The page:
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The Danger of Targeting Only Ultra-wealthy Clients

Financial advisors have a lot of choices when it comes to building their practices, including whether or not to exclusively target high-net-worth clients. While these clients may provide the greatest payout over time, they may be more difficult to attract than lower net worth clients, which may mean less total revenue.

On the other hand, the rise of so-called robo-advisors and their lower fees has started to put pressure on the bottom end of the market.

Should financial advisors exclusively target high-net-worth individuals? Read on for some help in deciding whether or not to go after these wealthy prospects. (For more, see:Finding and Retaining High Net Worth Clients. )

Assessing Conversion Rates

The key to deciding whether or not to chase high-net-worth individuals is to calculate the lifetime value of each type of client as well as the conversion rate associating with landing them. By multiplying the conversion rate by the lifetime value, you can determine which clients are more profitable to target over the long run. Advisors well-versed in pitching high-net-worth individuals may benefit from targeting that demographic, while others may want to consider lower-end clients.

For example, suppose that a high-net-worth client is worth $10 million and a financial advisor can charge a 1% management fee. This means that the client is worth about $100,000 per year to the practice. Assuming the average client stays eight years, the lifetime value may be worth around $800,000. Now, assuming that only 1% of these clients convert when being pitched, each pitch is worth about $8,000 in revenue — a figure that can be compared with others. (For more, see:High-Net-Worth Clients Tips for Advisors. )

Commoditization of the Low End

The problem with only aiming for lower-end clients is the snowballing competition. Online financial advisors and so-called robo-advisors — automated services that provide online wealth management and portfolio advice — have been rapidly capturing market share. Over the past several years, millennials that don’t have enough money to qualify

for traditional advisors have become big users of these services as a way to access performance that’s somewhat comparable to traditional advisors, but comes a fraction of the overall cost.

According to consulting firm A.T. Kearney, robo-advisors will manage about $2 trillion and control 5.6% of American investment assets by 2020 compared to just 0.5% today. While the majority of the advisory market remains in the hands of traditional advisors, the number of clients signing up with online services is actually much more significant given that most of these clients have smaller portfolios, which means that smaller clients are being increasingly cannibalized.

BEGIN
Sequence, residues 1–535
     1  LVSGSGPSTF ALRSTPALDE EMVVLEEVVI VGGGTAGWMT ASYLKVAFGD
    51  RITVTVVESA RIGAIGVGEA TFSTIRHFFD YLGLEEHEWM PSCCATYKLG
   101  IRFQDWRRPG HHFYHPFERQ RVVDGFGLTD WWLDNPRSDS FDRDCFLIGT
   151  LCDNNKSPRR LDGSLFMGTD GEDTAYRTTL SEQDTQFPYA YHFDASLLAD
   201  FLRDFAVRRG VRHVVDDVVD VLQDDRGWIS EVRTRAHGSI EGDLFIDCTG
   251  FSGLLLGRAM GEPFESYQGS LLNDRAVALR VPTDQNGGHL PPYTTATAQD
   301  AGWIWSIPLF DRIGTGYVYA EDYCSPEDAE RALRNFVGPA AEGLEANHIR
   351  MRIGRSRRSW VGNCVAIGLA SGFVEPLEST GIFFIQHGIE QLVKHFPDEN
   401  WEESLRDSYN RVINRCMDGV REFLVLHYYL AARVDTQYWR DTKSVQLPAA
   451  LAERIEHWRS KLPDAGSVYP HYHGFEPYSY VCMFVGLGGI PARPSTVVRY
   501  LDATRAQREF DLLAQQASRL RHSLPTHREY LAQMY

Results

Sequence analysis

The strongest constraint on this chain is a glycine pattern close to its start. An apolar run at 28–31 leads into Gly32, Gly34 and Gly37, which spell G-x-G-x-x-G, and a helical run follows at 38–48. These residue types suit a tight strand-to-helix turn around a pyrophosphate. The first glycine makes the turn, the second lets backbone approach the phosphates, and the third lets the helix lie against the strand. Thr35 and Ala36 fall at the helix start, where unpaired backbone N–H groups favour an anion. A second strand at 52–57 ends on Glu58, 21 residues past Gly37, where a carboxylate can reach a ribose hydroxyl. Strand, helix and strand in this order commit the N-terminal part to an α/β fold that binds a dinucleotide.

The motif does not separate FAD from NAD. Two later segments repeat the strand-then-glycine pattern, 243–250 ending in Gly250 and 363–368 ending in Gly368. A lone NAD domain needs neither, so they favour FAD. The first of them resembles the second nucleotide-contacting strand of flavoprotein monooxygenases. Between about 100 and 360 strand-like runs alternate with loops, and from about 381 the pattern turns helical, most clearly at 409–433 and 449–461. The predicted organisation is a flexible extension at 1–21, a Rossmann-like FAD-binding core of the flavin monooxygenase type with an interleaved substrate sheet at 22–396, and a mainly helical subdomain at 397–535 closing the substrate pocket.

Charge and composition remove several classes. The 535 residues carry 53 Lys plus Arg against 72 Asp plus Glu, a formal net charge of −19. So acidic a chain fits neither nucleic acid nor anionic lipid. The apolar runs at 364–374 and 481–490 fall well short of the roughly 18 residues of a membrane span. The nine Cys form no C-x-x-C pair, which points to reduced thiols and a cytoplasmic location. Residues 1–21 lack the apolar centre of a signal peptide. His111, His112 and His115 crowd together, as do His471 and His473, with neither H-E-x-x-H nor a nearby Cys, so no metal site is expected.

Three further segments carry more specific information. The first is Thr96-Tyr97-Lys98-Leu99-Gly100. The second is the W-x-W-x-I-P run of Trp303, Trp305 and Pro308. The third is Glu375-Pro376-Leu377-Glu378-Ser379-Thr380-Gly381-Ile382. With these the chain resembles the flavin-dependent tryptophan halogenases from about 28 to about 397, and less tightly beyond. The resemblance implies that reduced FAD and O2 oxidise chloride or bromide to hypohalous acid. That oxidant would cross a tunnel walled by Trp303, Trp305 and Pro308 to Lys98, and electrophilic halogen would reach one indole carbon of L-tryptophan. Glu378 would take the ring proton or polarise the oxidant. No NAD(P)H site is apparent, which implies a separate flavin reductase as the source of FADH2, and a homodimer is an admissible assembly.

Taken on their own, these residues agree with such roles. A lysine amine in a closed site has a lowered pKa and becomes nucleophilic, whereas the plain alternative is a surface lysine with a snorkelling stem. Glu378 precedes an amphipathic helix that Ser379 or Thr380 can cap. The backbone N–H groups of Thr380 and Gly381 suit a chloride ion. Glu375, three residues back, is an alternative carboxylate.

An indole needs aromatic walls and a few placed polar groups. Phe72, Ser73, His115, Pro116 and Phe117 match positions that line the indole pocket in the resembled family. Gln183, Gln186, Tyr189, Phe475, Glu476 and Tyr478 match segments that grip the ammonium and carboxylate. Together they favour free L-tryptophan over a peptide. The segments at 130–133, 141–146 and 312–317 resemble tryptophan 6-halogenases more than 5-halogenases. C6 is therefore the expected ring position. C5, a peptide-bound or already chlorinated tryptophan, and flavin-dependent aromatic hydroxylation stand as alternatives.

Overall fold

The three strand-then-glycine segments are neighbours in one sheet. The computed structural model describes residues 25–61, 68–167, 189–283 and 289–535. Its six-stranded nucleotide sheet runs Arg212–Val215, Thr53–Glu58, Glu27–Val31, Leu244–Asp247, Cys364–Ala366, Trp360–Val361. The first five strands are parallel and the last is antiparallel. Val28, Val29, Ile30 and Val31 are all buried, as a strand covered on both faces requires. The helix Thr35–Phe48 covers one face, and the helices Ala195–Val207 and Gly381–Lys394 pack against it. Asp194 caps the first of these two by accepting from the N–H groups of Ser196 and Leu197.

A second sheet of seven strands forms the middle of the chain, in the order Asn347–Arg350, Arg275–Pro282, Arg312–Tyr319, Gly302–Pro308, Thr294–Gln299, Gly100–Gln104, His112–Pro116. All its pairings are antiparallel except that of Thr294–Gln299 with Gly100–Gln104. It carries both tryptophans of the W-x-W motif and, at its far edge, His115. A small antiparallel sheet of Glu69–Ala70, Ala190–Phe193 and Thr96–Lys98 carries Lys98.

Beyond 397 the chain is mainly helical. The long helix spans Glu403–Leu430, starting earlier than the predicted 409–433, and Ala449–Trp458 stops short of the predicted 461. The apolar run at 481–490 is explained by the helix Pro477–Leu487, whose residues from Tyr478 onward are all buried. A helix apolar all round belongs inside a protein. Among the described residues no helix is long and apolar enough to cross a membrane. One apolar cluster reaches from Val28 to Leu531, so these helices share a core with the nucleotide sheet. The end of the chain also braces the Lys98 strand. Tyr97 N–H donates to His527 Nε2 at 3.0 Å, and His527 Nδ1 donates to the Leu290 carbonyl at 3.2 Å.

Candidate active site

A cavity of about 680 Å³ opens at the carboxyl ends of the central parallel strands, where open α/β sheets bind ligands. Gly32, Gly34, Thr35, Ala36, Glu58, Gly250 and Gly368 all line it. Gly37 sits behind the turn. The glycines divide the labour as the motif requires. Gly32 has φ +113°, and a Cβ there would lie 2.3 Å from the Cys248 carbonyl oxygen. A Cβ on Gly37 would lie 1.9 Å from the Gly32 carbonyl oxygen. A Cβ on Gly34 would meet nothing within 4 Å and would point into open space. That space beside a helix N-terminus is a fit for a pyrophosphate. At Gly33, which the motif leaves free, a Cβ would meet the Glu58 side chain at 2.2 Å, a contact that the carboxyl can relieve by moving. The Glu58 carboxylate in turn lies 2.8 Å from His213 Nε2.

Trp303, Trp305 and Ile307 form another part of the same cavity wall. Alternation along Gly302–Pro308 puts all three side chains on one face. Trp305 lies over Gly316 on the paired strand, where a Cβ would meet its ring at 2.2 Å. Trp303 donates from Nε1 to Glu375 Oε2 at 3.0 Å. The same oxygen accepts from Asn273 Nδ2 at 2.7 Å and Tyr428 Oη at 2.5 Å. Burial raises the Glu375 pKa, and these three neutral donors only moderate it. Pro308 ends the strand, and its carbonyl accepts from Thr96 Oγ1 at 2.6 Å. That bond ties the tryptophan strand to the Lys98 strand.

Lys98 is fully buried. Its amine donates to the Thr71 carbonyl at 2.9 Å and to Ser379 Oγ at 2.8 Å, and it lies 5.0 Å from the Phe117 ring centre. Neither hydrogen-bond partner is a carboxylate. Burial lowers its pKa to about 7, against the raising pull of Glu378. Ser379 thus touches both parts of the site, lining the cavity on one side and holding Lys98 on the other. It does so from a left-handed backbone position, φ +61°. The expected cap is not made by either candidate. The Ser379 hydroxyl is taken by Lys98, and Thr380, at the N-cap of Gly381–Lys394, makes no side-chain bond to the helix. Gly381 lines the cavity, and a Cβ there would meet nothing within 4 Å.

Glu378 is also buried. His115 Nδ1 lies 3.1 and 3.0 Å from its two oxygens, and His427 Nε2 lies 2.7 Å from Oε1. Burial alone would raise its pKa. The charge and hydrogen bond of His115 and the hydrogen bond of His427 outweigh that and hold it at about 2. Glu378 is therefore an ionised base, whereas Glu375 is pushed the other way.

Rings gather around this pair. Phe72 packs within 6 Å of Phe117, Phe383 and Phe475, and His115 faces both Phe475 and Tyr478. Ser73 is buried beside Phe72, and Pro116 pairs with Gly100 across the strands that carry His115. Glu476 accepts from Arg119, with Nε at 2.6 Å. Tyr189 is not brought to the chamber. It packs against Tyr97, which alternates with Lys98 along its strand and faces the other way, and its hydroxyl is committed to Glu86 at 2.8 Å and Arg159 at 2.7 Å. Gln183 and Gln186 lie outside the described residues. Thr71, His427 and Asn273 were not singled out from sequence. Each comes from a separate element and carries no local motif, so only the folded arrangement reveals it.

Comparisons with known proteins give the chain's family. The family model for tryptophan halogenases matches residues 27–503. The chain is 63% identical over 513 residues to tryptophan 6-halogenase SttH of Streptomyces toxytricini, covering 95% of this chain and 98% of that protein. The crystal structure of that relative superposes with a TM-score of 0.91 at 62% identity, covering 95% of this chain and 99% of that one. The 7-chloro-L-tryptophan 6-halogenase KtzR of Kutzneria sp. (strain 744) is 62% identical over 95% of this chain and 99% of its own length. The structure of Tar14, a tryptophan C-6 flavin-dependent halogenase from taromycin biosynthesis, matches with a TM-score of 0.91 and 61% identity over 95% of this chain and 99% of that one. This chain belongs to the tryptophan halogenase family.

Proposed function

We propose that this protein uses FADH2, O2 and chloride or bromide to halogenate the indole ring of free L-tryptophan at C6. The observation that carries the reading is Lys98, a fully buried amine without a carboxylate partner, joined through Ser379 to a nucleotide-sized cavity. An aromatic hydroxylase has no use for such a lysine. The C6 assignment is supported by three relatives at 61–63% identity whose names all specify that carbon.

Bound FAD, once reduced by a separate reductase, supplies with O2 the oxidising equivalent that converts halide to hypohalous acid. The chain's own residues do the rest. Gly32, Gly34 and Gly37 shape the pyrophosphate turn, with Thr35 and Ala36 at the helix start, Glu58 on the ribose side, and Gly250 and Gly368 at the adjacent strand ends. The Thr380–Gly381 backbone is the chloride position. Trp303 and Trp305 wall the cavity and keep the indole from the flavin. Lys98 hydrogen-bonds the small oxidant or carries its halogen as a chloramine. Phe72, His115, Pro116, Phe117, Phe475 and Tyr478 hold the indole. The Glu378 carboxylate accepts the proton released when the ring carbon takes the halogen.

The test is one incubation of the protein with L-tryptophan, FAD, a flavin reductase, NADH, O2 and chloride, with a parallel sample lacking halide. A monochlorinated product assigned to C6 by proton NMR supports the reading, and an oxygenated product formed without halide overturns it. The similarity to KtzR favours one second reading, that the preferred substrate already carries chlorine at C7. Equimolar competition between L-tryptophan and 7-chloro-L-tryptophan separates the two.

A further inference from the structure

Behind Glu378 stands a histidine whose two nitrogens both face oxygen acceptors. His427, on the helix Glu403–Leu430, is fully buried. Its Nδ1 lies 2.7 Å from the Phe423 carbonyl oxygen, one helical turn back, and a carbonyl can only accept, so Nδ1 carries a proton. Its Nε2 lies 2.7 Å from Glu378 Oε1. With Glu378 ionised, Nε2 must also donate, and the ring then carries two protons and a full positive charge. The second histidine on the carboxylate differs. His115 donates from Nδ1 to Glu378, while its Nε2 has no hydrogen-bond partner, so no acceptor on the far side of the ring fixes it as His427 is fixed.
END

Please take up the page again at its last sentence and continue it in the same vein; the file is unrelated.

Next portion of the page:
Focus on a Niche

Financial advisors may want to focus on spreading out marketing across a variety of demographics and not just consider income levels or the dollar value of assets that a client owns. For example, a financial advisor that specializes in managing real estate assets may appeal to investors who are active in that sector, since their expertise would provide specific tax advice or industry insights. There are a number of niches that can set advisors apart from the competition. (For more, see:How to Manage a Client's Return Expectations. )

Some other areas of focus might include:

  • Professional athletes
  • Disabled clients
  • LGBT clients

By offering unique expertise or perspectives, advisors can differentiate themselves from the competition when targeting specific audiences. These efforts could be much more effective than simply targeting a wide swath of high-net-worth clients, since advisors here can offer a greater value proposition to the client.

The Bottom Line

When it comes to targeting potential high-net-worth clients, conversion success depends largely on the effectiveness of an advisor's marketing ability as well as what's going on trend-wise in the industry. Advisors should do a reality check on who they're best set to serve; they may want to narrow their scope so they can identify niches within the industry that are based on characteristics other than asset levels. (For more, see:Things That Keep Advisors Up at Night. )

Category: Advisor

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